In 1983, artist Jean-Michel Basquiat rented an apartment and studio space in New York City from pop artist Andy Warhol, his friend and mentor. Basquiat would go on to live and work at the property in the Bowery until his death in 1988. Now, art lovers have an opportunity to rent the storied three-floor building—that is, if they have $60,000 per month sitting around.
Located at 57 Great Jones Street, the property is up for rent by Meridian Capital Group. The real estate agency describes the top floor as an “open loft space”; the ground floor was most recently a Japanese restaurant called Bohemian.
Outside the building, a plaque from the Greenwich Village Society for Historic Preservation commemorates its late tenant: “Renowned artist Jean-Michel Basquiat lived and worked here, a former stable owned by friend and mentor Andy Warhol,” it reads. “Basquiat’s paintings and other work challenged established notions of high and low art, race and class, while forging a visionary language that defied characterization.”
Born in Brooklyn, Basquiat started his artistic career as half of the duo behind the street art pseudonym SAMO, and he remains one of the most beloved artists of the 1970s and ’80s. While he died at 27, he created about 600 paintings and 1,500 drawings over his short career. According to PBS’s “American Masters,” he sold his first ever painting to Blondie’s Debbie Harry.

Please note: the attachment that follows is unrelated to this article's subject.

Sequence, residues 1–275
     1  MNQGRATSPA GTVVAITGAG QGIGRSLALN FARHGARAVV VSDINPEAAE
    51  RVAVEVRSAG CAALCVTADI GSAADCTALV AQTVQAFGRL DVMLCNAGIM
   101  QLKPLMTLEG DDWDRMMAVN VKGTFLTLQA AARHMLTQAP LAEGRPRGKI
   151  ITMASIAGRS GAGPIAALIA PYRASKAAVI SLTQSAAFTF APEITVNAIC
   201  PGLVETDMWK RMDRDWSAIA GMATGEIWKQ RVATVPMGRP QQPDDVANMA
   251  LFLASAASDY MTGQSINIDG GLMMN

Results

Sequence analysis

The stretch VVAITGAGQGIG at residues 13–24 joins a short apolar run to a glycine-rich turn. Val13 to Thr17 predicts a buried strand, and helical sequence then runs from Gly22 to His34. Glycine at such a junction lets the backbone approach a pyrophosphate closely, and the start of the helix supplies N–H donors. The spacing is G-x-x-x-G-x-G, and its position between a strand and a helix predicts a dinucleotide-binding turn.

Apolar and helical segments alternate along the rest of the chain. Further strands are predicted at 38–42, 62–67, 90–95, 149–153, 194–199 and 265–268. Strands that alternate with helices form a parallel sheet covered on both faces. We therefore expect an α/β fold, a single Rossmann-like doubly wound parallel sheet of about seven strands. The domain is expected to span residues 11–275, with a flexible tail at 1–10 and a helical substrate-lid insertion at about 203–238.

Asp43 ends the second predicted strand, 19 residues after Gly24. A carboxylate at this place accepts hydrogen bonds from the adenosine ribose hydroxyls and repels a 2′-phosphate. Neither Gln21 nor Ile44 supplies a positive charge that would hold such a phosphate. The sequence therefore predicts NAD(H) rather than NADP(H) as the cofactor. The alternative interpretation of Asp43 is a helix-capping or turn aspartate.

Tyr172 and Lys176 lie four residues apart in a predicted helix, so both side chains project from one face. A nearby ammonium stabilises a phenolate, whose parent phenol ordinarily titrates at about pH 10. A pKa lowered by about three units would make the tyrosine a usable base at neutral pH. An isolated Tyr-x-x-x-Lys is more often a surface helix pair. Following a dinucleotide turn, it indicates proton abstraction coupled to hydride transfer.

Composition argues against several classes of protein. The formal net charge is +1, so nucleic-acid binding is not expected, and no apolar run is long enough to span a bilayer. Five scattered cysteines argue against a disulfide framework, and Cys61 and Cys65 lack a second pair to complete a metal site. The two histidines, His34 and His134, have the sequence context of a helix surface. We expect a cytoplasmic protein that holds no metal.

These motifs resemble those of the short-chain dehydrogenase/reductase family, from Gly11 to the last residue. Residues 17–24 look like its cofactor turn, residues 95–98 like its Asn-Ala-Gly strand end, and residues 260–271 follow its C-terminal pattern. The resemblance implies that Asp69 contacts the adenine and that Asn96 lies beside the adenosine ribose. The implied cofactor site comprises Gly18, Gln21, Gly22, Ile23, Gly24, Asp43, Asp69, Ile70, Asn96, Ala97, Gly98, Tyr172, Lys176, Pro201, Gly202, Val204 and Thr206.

The friendship between Basquiat and Warhol was somewhat short lived. While Basquiat admired the famous pop artist, he was afraid of being pulled into his mentor’s shadow. According to “American Masters,” when the two artists did a show together in 1985, a New York Times review described Basquiat as Warhol’s “mascot.” The friendship never recovered.
“I think Jean became very paranoid and suspicious of even Andy, and felt that, you know, Andy had this reputation of being a vampire and feeding off of younger artists, and needing new blood to infuse his own career,” artist Brett De Palma tells “American Masters.”
In the years since Basquiat’s death, his reputation has only grown. In 2017, one of his paintings sold for over $110 million at Sotheby’s, setting a new record for work by an American artist. To this day, fans still pepper the building and surrounding area with graffiti in Basquiat’s honor, sometimes to the chagrin of local residents, reports Dazed.
The building’s fascinating history starts long before Warhol bought it in 1970. Gangster Paul Kelly bought it in 1904 and founded the New Brighton Athletic Club, a headquarters for the Five Points Gang, which Al Capone would later join. The building was later used for metal works and kitchen supplies businesses until Warhol purchased it.